15 Anderson Benedict, Imagined Communities: Reflections on the Origin and Spread of Nationalism (London: Verso, 2006).

16 Geary Patrick, The Myth of Nations: The Medieval Origins of Europe (Princeton: Princeton University Press, 2002).

17 Takriti Abdel Razzaq argues this point in a recent study: Monsoon Revolution: Republicans, Sultans, and Empires in Oman, 1965–1976 (Oxford: Oxford University Press, 2013).

18 Sixteenth-century Portuguese maps refer to the presence of Banī Yās in the region. Al-Salman Mohamed Hameed, “Arabian Gulf in the Era of Portuguese Dominance: A Study in Historical Sources,” Līwā 4, 7 (2012): 1336, 16.

19 ʿAbdallāh b. Khalfān b. Qayṣar, Sīrat al-Imām Nāṣir b. Murshid (Muscat: Oman Ministry of National Heritage, 1983), 76.

20 McAnany Patricia A., Living with the Ancestors: Kinship and Kingship in Ancient Maya Society (Austin: University of Texas Press, 1994), 15 .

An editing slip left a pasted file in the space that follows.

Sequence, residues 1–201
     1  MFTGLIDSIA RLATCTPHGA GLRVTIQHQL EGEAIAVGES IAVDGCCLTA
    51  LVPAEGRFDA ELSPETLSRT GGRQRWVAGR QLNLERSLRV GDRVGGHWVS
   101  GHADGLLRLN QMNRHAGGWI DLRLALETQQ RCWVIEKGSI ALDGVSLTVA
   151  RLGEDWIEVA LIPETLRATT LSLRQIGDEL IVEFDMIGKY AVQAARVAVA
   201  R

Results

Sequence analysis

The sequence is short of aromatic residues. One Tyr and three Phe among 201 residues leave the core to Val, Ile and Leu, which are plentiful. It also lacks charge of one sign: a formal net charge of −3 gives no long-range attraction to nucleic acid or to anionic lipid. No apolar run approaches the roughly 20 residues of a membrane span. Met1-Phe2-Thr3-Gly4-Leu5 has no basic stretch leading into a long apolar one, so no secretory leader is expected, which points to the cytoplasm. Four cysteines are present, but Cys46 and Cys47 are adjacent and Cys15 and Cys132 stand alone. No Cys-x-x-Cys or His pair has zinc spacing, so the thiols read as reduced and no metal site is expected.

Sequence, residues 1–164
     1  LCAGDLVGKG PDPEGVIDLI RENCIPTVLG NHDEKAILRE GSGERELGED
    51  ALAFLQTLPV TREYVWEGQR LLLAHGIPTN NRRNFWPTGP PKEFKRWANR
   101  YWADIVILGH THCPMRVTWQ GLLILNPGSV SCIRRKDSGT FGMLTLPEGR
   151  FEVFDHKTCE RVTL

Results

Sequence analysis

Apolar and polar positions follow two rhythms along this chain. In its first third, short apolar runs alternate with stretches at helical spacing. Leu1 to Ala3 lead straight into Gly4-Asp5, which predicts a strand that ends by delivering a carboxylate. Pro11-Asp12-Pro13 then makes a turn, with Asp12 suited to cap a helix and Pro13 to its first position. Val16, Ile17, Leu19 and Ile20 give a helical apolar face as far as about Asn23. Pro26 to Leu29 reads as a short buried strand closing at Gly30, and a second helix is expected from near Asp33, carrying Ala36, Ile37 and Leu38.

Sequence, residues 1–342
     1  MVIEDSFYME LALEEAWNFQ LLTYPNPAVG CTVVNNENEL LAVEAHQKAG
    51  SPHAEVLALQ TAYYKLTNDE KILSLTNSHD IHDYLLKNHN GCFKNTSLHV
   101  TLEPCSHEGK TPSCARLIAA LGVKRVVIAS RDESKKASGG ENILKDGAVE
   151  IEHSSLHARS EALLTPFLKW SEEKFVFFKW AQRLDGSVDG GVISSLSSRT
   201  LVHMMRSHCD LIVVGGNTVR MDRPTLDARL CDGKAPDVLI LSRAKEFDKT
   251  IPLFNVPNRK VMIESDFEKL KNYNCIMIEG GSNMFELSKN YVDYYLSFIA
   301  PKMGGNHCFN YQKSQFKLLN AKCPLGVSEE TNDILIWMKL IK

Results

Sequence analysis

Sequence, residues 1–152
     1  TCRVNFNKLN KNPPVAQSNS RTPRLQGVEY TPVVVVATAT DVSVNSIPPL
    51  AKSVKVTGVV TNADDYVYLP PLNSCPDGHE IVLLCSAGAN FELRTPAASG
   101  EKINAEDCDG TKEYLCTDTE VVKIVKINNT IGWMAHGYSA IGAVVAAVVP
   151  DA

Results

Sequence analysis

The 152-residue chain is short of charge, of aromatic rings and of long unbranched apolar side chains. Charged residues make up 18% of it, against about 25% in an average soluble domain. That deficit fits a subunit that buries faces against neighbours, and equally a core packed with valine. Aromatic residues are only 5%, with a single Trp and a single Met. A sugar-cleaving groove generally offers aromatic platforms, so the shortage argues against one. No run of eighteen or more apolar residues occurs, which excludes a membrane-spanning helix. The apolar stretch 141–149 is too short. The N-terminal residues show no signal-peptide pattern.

21 By heartland, I am referring to the hinterland regions of the Emirates, where nomadic pastoralism was more prevalent. The Bānī Yās were documented by most British travelers as being predominantly sedentary farmers and pearl divers, not pastoralist nomads. Yet in the genealogical discourse of the modern Gulf, attaching one's history to a desert existence of the type prevailing in hinterland regions like the Ẓafra or even al-ʿAin is preferable to a coastal origins narrative, with its allusions to ethnic heterogeneity and arrival by sea from afar. Samin, Of Sand or Soil, 173–80.

22 Author interview with museum administrator, al-ʿAin, Dec. 2014.

23 Author interview with museum guide, al-ʿAin, Dec. 2014.

24 A map of the museum, available free to all visitors, is marked with arrows that confirm this route as the recommended one.

25 Zāyid, his brother Shakhbūṭ, and their father Sulṭān have their own portraits as well.

26 Khalīfa is Zāyid's eldest son. He was born in al-ʿAin in 1948. From 1966, when Zāyid became ruler of Abu Dhabi, until his father's death in 2004, Khalīfa was governor of al-ʿAin. In 2004, he became ruler of Abu Dhabi. Like the late King ʿAbdallāh of Saudi Arabia, he has no full brothers.

27 Before its consolidation into a city, al-ʿAin was one of a grouping of small settlements that included Rubayna.

28 McAnany, Living with the Ancestors, 13.